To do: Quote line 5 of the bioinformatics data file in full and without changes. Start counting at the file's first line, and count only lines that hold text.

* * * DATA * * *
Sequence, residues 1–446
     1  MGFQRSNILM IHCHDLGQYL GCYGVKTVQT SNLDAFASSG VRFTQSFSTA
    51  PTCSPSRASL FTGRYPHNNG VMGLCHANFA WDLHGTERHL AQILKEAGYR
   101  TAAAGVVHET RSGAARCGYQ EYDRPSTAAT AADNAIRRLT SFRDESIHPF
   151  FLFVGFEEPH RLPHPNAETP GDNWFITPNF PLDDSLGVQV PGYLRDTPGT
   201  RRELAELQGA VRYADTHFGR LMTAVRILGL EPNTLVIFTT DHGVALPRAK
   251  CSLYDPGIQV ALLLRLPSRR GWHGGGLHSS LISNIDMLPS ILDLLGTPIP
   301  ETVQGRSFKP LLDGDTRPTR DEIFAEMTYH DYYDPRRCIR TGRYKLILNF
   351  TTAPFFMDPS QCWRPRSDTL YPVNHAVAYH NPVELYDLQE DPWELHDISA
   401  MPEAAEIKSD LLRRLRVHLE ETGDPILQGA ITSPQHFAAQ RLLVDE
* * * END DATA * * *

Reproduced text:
   151  FLFVGFEEPH RLPHPNAETP GDNWFITPNF PLDDSLGVQV PGYLRDTPGT